Lockdown toilet horror

  • Lockdown toilet horror! BIG drama in the Collins’ house this week.
  • Do you suffer from “beeturia”? Here’s what to check immediately if you get it.
  • Why this ‘evil’ vegetable is so good for your heart

Not much drama happens at the moment.

I don’t mean on telly or in international affairs.

But in everyday lockdown life.

Each day is pretty much the same. Although occasionally there’s a bit of excitement…

I might hit my shin on the side of the coffee table…

I might get an entire eggbox full of ‘double yolkers’…

Or I might get a parcel delivered that I tear open with joy until I realise that it’s for the next-door neighbour.

(All of these thrilling things have happened to me.)

However, there was a moment of real drama last Sunday.

After I went to the toilet (sorry to be frank here) I was shocked to see blood in the bowl.

“LARA!” I yelled in panic.

I tried to think what could be wrong with me…

All sorts of scenarios ran through my head – and none of them particularly pleasant.

Then it came back to me…

What I did the previous night…

After a bottle of wine with Lara, and a few ports (it was Saturday night, don’t judge me!) I raided the fridge.

And I ate an entire packet of juniper and black pepper beetroot.

Yes, it wasn’t real blood.

Instead it was the “bloody beet”!

That was why the toilet turned red.

This briefly dramatic incident teaches a lesson about:

  1. The perils of drink
  2. The perils of raiding fridges at night

But I should also take it as a bit of a warning sign about my nutritional intake.

Why you should be wary of “beeturia”

There’s actually a name for the medical phenomenon when your urine or stool turns red after eating beetroot.

It’s known as “beeturia”.

It occurs when your body doesn’t break down the compound betanin, a pigment that gives beetroot its ferocious red colour.

After you eat beets, this compound makes its way through your body to the kidneys. From there it is flushed from the body, resulting in red urine.

But it doesn’t happen to everybody.

Some people have more difficulty breaking down this pigment than others.

This isn’t necessarily a problem.

However, if it starts happening when it didn’t before, then have a look at your iron intake.

This is because having red (or pink) urine after eating beetroot has been linked to an iron deficiency.

A 1999 study in The Lancet showed that beeturia occurs in 66-80 percent of people with iron deficiency anaemia.

Other symptoms of iron deficiency to watch for include:

  • tiredness
  • breathlessness
  • leg cramps
  • mood swings

So this is something I am going to address, with some iron-rich food in my diet over the coming weeks, including shellfish, kidney beans, chickpeas, nuts, spinach, red meat and pumpkin seeds.

It’s also worth getting hold of a good bioavailable iron supplement like this one: Iron Supplement.

With ingredients sourced from wholefoods, this delivers the iron you need in the way nature intended. It also contains added B vitamins, beta glucans and amino acids.

Another reason why you might get beeturia…

A sign of low stomach acid

A normal level of stomach acid helps you properly absorb minerals, nutrients, and vitamins from your food. It also kills harmful bacteria.

However, with low stomach acid, you don’t break down foods properly, causing flatulence and bloating. It can sometimes also lead to heartburn, nausea and diarrhoea.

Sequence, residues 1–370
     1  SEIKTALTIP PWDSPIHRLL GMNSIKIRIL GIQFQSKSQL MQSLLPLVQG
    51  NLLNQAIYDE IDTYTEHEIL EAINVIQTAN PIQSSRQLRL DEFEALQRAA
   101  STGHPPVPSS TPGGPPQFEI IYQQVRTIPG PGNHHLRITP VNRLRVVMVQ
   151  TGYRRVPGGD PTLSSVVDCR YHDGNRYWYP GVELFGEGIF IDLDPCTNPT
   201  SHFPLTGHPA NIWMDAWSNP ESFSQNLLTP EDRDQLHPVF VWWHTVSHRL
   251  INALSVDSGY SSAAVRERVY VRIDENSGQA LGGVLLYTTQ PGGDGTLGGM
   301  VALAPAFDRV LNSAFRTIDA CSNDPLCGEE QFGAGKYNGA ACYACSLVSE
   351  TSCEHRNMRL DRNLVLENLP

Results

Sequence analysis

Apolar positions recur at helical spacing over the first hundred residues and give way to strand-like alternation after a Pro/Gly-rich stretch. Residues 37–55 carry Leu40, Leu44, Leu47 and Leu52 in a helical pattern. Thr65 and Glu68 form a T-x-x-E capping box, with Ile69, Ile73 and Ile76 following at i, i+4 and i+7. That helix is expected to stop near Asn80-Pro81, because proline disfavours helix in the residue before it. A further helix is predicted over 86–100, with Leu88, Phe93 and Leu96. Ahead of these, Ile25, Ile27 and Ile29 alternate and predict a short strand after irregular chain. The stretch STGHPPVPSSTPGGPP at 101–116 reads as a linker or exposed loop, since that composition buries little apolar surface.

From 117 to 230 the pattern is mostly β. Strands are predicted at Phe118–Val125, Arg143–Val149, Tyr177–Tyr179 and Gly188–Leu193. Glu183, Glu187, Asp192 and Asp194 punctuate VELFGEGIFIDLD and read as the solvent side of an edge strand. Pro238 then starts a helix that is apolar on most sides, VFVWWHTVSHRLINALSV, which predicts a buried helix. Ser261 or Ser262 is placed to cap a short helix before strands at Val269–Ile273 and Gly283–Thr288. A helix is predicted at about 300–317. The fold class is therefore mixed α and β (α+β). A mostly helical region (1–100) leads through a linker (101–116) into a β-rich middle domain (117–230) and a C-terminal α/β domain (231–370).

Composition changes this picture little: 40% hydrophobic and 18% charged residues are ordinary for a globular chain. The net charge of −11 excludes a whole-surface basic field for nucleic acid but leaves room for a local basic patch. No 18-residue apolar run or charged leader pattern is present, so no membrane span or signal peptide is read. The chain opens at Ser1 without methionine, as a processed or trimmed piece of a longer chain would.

This is another problem linked to beeturia.

Natural ways to remedy this problem include:

  • Slow down your eating, take smaller bites and chew your food properly – this gets the digestive process off to the right start, leaving less for your stomach to do.
  • Avoid processed foods and increase your intake of fruits and vegetables.
  • Limit your alcohol intake.
  • Eat fermented vegetables like kimchi, sauerkraut, and pickles. These not only increase your stomach acid levels but fight harmful bacteria and reduce inflammation.
  • Drink apple cider vinegar – this is rich in enzymes that help break down bacteria in food. Its acidic qualities add more acid into your digestive tract.

Do you recall that ginger and carrot soup recipe I gave you the other week? Then try making that too.

Ginger is an anti-inflammatory, often used as an aid for acid reflux and other gastrointestinal problems.

To get a recap on that recipe, take a look at this blog post on The Good Life Letter website: ginger & carrot soup

The benefits of this ‘evil’ vegetable

Beetroot is an evil vegetable that can frighten a middle-aged man after going to the toilet.

But I continue to eat them because they’re very good for you.

Beets can improve liver function, lower levels of bad cholesterol and also lower your triglyceride levels. This decreases the likelihood of fatty deposits forming around your heart.

Which is why beetroot is sometimes known as the ‘cardiovascular vegetable’.

Back in 2008, a series of trials at The London School of Medicine looked at the effects of beetroot consumption.

The team found that just three hours after drinking 500ml of beetroot juice (the equivalent of eating five medium-sized beetroots) there was a significant decrease in the volunteers’ blood pressure.

These effects were still noticeable 24 hours later.

Beetroot is also packed with iron, and rich in vitamin C which your body needs for good iron absorption and strong immunity.

For me, there’s nothing better than eating it pickled with grilled mackerel or salmon. This gives you a big dose of omega-3 fatty acids to help your brain and joints.

You can also add the young leaves to salads, which gives you a boost in dietary fibre, and keeps your digestive system ticking over.

The only downside is that you should avoid beetroot if you have a high risk of kidney or gall stones. This is because it contains high levels of oxalates.

And if you do notice pink wee after eating beets, then don’t worry, but do consider looking at your diet and eating habits.